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Friday, 12 September 2008 19:19

Nano-balloon created by scientists: thinnest ever made

American scientists and engineers from Cornell University have created a graphite balloon that is the thinnest balloon ever made. It is only one atom in thickness so probably won’t be used at birthday parties and New Year’s celebrations.

Researchers from Cornell University have created the world’s thinnest balloon out of a single layer of graphite that is only one atom thick.

In the August 2008 paper “Impermeable Atomic Membranes from Graphene Sheet,” within the journal Nano Letters, the authors describe how the thinnest balloon--only one atom thick--was created.

The authors are J. Scott Bunch, Scott S. Verbridge, Jonathan S. Alden, Arend M. van der Zande, Jeevak M. Parpia, Harold G. Craighead, and Paul L. McEuen, all from the Cornell Center for Materials Research, Cornell University, Ithaca, New York, U.S.A.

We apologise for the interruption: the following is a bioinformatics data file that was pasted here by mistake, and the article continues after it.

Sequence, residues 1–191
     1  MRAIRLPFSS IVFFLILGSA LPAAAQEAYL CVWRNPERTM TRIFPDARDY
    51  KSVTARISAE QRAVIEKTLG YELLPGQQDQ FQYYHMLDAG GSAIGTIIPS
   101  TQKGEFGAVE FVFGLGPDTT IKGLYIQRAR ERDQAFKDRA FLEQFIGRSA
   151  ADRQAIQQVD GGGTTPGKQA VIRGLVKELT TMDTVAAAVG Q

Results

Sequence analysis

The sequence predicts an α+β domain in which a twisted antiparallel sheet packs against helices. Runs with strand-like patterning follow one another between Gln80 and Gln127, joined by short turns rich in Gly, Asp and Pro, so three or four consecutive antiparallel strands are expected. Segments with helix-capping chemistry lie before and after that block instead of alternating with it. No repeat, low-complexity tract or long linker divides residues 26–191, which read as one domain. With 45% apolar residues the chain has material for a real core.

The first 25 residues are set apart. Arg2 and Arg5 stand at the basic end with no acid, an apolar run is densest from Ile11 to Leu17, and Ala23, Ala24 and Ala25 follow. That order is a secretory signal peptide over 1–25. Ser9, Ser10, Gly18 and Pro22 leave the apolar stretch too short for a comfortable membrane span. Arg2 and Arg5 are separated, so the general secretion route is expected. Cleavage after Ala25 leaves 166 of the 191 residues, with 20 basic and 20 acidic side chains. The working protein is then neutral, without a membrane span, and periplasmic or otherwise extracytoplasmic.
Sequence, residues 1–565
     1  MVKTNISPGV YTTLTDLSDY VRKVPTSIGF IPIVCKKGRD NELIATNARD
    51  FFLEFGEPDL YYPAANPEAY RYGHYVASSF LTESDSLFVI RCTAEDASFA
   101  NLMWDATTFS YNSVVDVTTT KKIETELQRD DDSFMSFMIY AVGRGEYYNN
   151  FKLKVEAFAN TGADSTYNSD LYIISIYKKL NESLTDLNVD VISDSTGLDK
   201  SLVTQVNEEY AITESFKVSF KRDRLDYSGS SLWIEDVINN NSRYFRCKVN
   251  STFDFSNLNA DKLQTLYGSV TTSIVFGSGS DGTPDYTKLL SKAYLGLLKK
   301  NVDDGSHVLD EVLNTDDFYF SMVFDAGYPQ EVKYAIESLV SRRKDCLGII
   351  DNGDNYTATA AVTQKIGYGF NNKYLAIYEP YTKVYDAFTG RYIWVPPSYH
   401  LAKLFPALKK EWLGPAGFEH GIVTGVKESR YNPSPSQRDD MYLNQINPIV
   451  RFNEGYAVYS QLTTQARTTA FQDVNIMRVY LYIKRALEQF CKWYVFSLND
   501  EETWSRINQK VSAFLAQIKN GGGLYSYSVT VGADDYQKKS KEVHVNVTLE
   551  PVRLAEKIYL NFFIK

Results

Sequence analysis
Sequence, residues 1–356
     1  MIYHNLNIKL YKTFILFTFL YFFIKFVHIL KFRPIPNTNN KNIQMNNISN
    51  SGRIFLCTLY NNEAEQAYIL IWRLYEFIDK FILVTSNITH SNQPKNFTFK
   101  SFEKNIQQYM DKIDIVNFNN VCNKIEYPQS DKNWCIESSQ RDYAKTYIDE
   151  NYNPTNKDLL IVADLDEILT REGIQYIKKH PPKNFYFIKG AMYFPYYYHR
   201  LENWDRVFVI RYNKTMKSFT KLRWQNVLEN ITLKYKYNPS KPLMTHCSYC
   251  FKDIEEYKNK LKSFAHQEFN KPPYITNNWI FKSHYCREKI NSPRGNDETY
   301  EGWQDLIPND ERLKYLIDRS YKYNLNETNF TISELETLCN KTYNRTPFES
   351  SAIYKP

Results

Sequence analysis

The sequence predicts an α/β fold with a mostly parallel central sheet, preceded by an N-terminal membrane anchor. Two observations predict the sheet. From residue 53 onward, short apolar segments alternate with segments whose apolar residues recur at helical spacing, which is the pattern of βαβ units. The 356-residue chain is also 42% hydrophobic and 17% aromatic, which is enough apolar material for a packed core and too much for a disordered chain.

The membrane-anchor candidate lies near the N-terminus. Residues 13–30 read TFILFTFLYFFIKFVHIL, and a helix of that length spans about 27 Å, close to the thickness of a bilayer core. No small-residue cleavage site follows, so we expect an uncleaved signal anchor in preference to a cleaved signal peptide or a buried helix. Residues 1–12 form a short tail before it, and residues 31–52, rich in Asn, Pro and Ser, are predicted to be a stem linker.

Any airborne materials, no matter how small they may be in size, cannot penetrate the membrane of the balloon. The membrane, as stated by the authors in the paper’s abstract, is “a unique separation barrier between 2 distinct regions that is only one atom thick.”

The authors call these balloons “graphene-sealed microchambers.”

Graphene is a word derived from the word “graphite” and the suffix “-ene” (used to describe organic compounds involving the “-C=C-“ group). It is a one-atom-thick planar sheet of bonded carbon atoms that have been packed together in a very dense honeycomb crystal lattice structure.

What will these really thin balloons be used for, now that they have been invented? Please read page two.

The researchers, led by mechanical engineer J. Scott Bunch, state that the thinnest balloon will probably be used to assist in imaging techniques such as with scanning tunneling micrscope (STM) devices.

They should also help as part of sensing devices, such as when they measure pressures inside very small volumes and identify pressure changes that occur with chemical reactions.

The balloons are also likely to be a part of filtering devices, acting as barriers for “ultrafiltration.”

A representation of the balloon is found on the ACS Publication's website.


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